As the seasons change, it signifies growth and progression from one point to the next. Just as the weather is unpredictable, it acts as a reminder of the uncertainty of life, and that nothing – whether it be good or bad – lasts forever.
Spring has always been known as a time of transition, and the opportunity to reflect on the past in order to properly navigate the future. Similar to a great song or powerful film, a really good book can serve a different purpose, depending on the individual. It can incite an emotion, educate on an upcoming situation, or even tell a story that gives one an escape from the trials of reality, if even for a moment.
Many of our Black authors are able to write about a wide range of topics. The list today includes the memoir by the matriarch of a family of highly successful sports stars, a heart-wrenching, coming of age tale from an award-winning journalist, and the story of a young, multihyphenate, stressing the importance of seeking therapy, regardless of race.
Take a look at 9 new books from Black Authors we can’t wait to read this Spring.
FIERCE LOVE: A Memoir of Family, Faith, and Purpose by Sonya Curry (5/3)
Sonya Curry, the mother of NBA stars Steph and Seth Curry, and daughter Sydel Curry-Lee, reveals what it was like raising her famous children, her passion for education, and how her undying devotion to faith and family helped her find true meaning and purpose in life.
HARLEM SUNSET by Nekesa Afia (6/28)
HARLEM SUNSET is the next installment of the Harlem Renaissance Mystery series starring Louise Lloyd, a hot-headed, proud, and strong Black woman in 1920s New York fending for herself and those society deems expendable.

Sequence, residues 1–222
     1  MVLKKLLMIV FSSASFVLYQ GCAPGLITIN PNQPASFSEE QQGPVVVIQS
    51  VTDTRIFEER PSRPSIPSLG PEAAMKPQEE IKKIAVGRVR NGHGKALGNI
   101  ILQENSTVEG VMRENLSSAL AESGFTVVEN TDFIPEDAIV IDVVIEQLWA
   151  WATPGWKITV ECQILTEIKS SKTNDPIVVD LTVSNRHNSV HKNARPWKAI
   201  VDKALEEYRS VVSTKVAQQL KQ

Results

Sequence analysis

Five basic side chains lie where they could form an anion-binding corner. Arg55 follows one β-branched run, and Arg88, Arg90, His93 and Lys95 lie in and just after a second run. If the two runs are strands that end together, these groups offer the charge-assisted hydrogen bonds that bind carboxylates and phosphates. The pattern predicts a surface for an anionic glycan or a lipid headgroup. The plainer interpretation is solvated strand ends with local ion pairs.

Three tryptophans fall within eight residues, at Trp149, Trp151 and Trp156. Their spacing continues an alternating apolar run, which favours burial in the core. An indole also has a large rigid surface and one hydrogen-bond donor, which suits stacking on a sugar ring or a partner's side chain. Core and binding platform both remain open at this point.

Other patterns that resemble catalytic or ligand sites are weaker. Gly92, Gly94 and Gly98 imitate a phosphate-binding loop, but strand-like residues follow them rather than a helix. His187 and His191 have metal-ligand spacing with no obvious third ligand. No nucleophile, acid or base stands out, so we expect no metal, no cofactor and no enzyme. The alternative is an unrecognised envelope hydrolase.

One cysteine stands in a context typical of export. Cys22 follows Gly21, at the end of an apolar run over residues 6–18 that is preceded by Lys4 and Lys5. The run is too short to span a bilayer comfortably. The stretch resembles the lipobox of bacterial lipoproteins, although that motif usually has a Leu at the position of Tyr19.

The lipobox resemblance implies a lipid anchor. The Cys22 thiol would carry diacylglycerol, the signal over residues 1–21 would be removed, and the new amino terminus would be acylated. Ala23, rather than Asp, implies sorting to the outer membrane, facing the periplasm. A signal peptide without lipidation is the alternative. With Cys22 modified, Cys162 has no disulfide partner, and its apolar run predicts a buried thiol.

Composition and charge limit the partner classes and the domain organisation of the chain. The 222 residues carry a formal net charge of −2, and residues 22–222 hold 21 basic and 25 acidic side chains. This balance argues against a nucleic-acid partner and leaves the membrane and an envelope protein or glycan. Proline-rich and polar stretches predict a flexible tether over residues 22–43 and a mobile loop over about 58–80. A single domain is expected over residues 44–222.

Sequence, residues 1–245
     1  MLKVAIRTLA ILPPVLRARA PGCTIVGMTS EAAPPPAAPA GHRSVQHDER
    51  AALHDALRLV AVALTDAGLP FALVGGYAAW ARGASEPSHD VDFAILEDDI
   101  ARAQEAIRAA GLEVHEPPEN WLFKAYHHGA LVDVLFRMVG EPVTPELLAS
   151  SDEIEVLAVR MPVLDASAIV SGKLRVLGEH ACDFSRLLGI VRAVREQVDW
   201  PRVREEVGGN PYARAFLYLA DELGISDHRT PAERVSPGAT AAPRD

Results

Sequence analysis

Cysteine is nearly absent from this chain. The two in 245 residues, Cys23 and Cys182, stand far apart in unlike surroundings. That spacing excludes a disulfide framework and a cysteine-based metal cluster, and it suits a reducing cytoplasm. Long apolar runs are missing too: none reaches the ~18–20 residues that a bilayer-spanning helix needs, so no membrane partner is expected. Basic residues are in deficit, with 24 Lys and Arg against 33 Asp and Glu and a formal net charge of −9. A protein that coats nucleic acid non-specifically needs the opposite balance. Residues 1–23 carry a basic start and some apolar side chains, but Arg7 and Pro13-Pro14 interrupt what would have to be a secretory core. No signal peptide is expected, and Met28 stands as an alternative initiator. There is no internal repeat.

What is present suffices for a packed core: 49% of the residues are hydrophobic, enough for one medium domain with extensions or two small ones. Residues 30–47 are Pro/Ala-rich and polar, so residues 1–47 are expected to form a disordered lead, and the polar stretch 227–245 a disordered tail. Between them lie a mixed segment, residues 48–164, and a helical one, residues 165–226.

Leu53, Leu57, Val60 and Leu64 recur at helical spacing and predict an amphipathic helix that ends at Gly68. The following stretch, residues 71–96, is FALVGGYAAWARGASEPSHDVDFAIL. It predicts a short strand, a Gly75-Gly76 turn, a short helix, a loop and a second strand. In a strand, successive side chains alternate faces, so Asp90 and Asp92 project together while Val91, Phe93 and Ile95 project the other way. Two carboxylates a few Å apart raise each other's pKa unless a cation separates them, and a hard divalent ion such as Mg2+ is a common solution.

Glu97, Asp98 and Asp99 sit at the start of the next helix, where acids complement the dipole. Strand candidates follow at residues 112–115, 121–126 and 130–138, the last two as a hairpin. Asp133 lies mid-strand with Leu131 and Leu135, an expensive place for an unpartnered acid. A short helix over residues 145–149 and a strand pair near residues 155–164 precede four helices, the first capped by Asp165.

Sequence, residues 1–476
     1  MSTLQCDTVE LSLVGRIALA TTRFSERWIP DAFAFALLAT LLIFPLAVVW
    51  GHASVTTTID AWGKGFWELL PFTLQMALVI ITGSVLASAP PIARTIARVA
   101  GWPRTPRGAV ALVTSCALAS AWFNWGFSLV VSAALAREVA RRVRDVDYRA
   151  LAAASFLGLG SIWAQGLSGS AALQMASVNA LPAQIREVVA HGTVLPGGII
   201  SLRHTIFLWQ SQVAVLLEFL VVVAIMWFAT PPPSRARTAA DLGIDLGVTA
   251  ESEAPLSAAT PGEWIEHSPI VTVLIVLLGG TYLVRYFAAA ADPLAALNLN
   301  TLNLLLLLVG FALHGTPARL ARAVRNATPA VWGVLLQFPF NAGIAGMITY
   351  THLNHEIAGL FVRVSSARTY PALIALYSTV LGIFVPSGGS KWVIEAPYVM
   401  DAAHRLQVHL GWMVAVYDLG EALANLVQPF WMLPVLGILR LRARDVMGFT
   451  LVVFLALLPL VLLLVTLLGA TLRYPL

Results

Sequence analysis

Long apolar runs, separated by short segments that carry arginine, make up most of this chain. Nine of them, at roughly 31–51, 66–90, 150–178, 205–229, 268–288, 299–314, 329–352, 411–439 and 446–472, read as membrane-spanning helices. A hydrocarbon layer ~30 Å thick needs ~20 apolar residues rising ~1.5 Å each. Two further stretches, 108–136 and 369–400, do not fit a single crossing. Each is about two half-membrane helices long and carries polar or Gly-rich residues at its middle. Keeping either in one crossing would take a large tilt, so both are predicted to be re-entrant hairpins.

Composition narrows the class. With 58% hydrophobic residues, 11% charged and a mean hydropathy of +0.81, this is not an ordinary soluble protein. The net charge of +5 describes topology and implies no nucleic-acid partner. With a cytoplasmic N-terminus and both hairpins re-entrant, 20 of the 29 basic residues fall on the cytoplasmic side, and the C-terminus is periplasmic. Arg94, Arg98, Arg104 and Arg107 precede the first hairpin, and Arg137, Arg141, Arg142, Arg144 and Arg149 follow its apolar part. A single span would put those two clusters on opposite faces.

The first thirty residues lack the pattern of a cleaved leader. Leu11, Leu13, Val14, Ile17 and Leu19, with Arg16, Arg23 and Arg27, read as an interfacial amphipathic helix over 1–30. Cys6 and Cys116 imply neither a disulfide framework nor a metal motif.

THE ACCIDENTAL PINUP by Danielle Jackson (July 19, 2022)
THE ACCIDENTAL PINUP is a sizzling, body-positive romance starring a plus size photographer-turned-model and her rival in the Chicago photography scene.
KNOT AGAIN by Kwana Jackson (7/26)
Kwana Jackson returns this summer with KNOT AGAIN, which follows fireman Lucas Strong after he reconnects with a teenage crush.
MADEMOISELLE REVOLUTION by Zoe Sivak (8/2)
This book is a powerful, engrossing retelling of the Haitian and French Revolutions from the point of view of a biracial woman being pulled towards the flames of both.
MISS ALDRIDGE REGRETS by Louise Hare (7/5)
Louise Hare’s US debut is a locked room mystery set aboard the Queen Mary in the 1930s as Miss Lena Aldridge, a mixed-race jazz singer and actress who passes for white, crosses the Atlantic alongside a killer.
THE PERSONAL LIBRARIAN by Marie Benedict and Victoria Christopher Murray (6/7)
THE PERSONAL LIBRARIAN tells the little-known and incredibly timely story of Belle da Costa Greene.
Therapy Isn’t Just For White People by Kiara Imani (8/9)
Therapy Isn’t Just For White People is a brilliant debut memoir chronicling Kiara Imani’s compelling journey to understand the racial trauma experienced by many Black people in America and the underlying effect it has on Black mental health.
PATIENCE IS A SUBTLE THIEF by Abi Ishola-Ayodeji (5/3)
This debut from Abi Ishola-Ayodeji tells the story of Patience, who yearns to discover the truth about her mother, and where she is.